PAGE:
The first item to note is the building types now align with the 237 options for a Display Energy Certificate (DEC) from CIBSE TM46: Energy Benchmarking. This is a significant development, as initially the tool was developed just for offices. It was expanded later to include hotels, mixed use industrial buildings and high street banks and agencies. As many non-domestic buildings seldom have one particular function, the new TM22 allows up to five different building functions to be modelled. This provides a mixed-use building benchmark that is also area-weighted. The energy benchmarks in TM22 now cover all types of non-domestic building. Users can choose one of three reference benchmarks: those from a Display Energy Certificate (DEC), from CIBSE TM46: Energy Benchmarks, or benchmarks specified by the user. The DEC benchmarks for electricity and heating are building-specific, accounting for location, degree days, typical hours of use and any mixed use. If a DEC is not available benchmarks from CIBSE TM46 can be used. However these are median benchmarks that need to be modified to suit the study building. User-specified benchmark data can be derived from a property portfolio of energy studies. A simple assessment is confined to one worksheet, which gathers basic information for the building including floor area, energy use, input and output energy of CHP or renewables, separables and metered data. This is all that is required to benchmark the energy consumption and carbon dioxide emissions, with and without separables.
Furthermore, it begins to provide an understanding of the building's energy efficiency, as the contribution of renewable sources is included in the section on building energy use. All energy consumption is assigned against 20 end-use categories. Fifteen of these are pre-defined and five are user specified, including the six official DEC separable energy uses. There is a maximum of 30 items that can be assigned to each of the 20 categories, and each item is referenced to the appropriate sub-meter. The latest version of TM22 allows for 50 sub-meters. Where a building has more than 50 sub-meters the user will have to aggregate loads of a similar nature. A certain degree of judgement is required, especially if the aggregated load turns out to be a significant fraction of the total. TM22 allows the user to account for energy in three distinct periods; core hours based on occupied period, out of hours (normally weekday nights) and weekends. This can provide a valuable insight into the building's energy consumption during occupied and non-occupied hours, helping to identify base load consumption and wastage. Once the level of detail is complete, TM22 will sort the data and complete reconciliation of the energy use against each of the sub-meters, and total energy use recorded by the utility meters. If half-hourly or quarter-hourly data is imported, the model can compare the amount of energy it thinks is being consumed at different times of the day with actual energy consumption being recorded. TM22 will automatically generate a graphical breakdown of the building's energy use by kilowatt hours and carbon dioxide emissions per annum. Detailed analysis can deliver a breakdown for the 20 categories of electrical end use. The latest edition of TM22 has the potential to be a powerful tool of analysis, providing a common reference point for designers and operators alike throughout a project. It is a useful aid for aligning expectations and providing a check mechanism for regulatory tools like SBEM and similar.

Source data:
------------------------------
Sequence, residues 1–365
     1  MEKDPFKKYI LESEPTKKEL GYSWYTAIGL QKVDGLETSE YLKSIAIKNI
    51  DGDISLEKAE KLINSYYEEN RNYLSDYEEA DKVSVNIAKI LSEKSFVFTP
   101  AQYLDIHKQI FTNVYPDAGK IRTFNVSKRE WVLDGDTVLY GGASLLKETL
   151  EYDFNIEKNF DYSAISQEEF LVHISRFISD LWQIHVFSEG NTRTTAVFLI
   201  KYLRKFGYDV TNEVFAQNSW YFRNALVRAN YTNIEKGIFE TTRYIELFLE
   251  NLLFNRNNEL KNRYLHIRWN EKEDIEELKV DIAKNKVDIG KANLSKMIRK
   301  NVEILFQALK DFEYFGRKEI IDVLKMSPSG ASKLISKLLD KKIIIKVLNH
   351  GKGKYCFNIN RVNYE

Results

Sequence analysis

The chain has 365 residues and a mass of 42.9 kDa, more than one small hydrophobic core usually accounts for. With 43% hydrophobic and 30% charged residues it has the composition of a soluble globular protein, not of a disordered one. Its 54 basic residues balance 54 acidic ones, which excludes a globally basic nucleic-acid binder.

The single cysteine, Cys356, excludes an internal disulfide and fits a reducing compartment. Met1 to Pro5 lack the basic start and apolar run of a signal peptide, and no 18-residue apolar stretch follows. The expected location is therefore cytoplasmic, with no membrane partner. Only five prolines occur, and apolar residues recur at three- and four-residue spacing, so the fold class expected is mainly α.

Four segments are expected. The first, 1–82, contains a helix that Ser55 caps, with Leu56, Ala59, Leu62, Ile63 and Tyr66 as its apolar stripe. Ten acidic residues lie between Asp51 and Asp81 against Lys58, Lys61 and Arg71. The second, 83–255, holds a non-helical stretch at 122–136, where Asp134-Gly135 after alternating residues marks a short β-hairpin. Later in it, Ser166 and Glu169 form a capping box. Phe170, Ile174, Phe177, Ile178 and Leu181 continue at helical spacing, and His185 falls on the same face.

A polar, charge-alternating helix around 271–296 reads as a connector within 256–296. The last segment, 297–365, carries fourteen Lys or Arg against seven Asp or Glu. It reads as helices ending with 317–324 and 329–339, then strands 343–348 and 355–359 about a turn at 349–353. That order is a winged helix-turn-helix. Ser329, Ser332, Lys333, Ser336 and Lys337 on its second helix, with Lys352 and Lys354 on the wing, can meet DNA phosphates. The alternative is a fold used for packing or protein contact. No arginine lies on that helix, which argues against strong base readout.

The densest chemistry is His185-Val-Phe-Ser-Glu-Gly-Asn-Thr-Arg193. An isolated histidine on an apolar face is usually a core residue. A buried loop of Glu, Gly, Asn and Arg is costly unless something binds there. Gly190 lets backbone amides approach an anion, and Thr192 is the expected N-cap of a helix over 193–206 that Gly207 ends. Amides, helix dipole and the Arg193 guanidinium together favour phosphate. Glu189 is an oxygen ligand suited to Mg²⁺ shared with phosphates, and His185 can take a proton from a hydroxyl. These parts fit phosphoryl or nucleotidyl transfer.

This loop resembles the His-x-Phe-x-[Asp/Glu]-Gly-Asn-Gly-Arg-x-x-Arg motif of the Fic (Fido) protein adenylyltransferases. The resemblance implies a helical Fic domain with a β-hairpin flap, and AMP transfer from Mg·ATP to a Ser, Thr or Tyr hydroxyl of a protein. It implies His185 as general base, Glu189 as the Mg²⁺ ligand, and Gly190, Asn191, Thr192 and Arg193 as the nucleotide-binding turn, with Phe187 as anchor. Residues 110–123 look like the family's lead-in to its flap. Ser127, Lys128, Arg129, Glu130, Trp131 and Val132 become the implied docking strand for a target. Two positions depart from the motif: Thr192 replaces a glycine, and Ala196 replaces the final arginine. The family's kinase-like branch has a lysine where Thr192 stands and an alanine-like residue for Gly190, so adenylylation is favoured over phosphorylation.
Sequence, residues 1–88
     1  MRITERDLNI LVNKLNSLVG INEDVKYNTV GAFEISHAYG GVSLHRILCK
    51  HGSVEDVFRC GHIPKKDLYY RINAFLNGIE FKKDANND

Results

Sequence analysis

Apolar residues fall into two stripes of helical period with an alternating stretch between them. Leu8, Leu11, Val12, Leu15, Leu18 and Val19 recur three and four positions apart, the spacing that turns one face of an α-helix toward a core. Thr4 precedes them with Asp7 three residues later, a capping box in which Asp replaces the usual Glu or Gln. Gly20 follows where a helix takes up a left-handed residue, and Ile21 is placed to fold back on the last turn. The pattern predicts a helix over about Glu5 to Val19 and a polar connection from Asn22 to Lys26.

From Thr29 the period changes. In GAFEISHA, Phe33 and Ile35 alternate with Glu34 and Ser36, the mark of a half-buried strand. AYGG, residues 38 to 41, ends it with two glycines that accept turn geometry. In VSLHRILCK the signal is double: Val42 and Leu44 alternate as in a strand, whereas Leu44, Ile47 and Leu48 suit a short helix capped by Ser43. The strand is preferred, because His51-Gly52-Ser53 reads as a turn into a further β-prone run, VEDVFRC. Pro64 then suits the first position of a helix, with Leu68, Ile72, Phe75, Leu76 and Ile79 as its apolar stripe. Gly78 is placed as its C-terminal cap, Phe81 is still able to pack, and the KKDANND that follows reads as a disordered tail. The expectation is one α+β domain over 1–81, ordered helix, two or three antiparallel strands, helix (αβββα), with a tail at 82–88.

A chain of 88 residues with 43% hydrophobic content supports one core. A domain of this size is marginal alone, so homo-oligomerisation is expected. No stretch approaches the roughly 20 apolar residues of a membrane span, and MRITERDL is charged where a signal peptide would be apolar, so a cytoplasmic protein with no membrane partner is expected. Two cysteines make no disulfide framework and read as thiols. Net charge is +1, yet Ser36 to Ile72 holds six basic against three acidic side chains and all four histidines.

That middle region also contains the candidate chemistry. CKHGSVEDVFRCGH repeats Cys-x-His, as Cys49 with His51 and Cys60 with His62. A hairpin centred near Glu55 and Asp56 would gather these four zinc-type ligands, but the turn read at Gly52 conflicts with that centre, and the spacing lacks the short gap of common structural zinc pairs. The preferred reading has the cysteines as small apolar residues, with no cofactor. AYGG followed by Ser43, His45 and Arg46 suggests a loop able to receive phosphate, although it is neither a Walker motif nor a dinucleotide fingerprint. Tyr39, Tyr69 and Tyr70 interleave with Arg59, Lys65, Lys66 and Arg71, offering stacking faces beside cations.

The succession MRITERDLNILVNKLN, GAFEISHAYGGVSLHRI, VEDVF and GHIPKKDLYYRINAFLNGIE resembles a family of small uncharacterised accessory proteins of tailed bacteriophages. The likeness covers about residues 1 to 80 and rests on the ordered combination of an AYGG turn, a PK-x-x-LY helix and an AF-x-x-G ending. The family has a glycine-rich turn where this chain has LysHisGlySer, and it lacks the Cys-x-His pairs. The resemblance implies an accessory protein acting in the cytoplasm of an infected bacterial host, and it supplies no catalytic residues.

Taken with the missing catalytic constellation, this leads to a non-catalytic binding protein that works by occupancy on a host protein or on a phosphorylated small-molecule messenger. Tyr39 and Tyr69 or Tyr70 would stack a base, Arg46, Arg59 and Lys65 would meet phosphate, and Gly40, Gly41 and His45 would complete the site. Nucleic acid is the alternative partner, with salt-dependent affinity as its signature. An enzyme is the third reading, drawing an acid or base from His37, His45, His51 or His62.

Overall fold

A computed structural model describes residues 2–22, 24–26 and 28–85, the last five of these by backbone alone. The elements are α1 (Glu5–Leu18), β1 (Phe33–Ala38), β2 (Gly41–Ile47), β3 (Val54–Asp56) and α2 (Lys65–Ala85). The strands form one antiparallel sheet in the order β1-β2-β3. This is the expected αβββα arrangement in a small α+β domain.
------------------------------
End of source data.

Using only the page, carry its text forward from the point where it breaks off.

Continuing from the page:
Designers can use the tool with the client at briefing stage of a project to discuss a building's likely load profile, and use that information to set realistic (but also stretching) performance targets.
Peter Tse MEng, CEng, MCIBSE is a senior design consultant with BSRIA. This article is based on material provided by Robert Cohen of Cameo, developers of the latest edition of TM22.